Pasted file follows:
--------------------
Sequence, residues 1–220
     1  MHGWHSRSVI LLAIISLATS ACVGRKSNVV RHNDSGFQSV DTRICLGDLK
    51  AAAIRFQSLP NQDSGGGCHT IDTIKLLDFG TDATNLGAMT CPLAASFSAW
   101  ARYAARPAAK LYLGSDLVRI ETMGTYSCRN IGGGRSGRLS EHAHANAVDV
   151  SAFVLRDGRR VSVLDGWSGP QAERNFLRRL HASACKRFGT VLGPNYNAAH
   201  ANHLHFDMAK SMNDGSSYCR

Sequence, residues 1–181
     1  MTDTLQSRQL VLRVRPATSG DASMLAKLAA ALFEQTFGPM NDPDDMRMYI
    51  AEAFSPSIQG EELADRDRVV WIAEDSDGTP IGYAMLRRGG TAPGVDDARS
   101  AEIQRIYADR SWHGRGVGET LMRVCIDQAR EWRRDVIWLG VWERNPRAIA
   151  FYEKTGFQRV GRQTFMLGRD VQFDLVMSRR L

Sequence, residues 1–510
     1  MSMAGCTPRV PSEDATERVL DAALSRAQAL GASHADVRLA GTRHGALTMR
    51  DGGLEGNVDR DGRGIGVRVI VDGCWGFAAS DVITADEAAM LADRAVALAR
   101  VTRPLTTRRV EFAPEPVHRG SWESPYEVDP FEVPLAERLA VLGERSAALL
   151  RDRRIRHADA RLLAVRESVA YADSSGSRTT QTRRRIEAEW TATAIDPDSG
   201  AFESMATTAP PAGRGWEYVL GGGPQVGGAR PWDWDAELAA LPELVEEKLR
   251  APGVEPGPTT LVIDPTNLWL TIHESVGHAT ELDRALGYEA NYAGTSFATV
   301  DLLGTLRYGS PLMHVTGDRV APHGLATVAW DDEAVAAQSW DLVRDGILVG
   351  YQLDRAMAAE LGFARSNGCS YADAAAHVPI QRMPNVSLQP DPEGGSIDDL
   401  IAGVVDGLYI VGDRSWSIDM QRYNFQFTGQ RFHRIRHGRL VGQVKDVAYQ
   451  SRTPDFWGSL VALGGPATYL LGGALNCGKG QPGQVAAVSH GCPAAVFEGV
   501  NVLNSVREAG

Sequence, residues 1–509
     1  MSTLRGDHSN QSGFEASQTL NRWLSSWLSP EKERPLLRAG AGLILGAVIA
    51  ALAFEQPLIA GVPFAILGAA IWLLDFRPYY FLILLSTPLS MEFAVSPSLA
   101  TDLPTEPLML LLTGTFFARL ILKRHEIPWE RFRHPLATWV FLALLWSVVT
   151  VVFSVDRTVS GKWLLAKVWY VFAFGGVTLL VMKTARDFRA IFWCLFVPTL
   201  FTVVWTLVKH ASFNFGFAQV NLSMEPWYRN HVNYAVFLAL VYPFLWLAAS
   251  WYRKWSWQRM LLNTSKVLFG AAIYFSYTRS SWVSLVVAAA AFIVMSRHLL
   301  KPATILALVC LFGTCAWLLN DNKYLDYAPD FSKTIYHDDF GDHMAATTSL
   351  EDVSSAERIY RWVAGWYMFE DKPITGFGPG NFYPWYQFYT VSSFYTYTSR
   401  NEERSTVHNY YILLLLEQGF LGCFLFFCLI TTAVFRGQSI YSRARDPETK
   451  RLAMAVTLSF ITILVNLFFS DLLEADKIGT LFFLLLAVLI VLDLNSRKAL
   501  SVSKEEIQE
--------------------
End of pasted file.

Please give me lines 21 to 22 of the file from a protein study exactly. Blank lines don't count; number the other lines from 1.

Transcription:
   401  IAGVVDGLYI VGDRSWSIDM QRYNFQFTGQ RFHRIRHGRL VGQVKDVAYQ
   451  SRTPDFWGSL VALGGPATYL LGGALNCGKG QPGQVAAVSH GCPAAVFEGV